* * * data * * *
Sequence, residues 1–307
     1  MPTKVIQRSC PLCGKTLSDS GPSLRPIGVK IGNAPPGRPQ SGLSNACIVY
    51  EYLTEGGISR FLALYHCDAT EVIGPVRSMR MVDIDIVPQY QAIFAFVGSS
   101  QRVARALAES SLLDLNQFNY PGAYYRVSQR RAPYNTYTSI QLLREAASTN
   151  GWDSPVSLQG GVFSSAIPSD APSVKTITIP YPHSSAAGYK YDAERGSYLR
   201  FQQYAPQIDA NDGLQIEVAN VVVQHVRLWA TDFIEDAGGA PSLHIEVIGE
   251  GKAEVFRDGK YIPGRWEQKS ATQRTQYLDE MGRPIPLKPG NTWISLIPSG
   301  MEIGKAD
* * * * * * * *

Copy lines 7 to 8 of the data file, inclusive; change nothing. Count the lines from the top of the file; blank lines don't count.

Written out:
   251  GKAEVFRDGK YIPGRWEQKS ATQRTQYLDE MGRPIPLKPG NTWISLIPSG
   301  MEIGKAD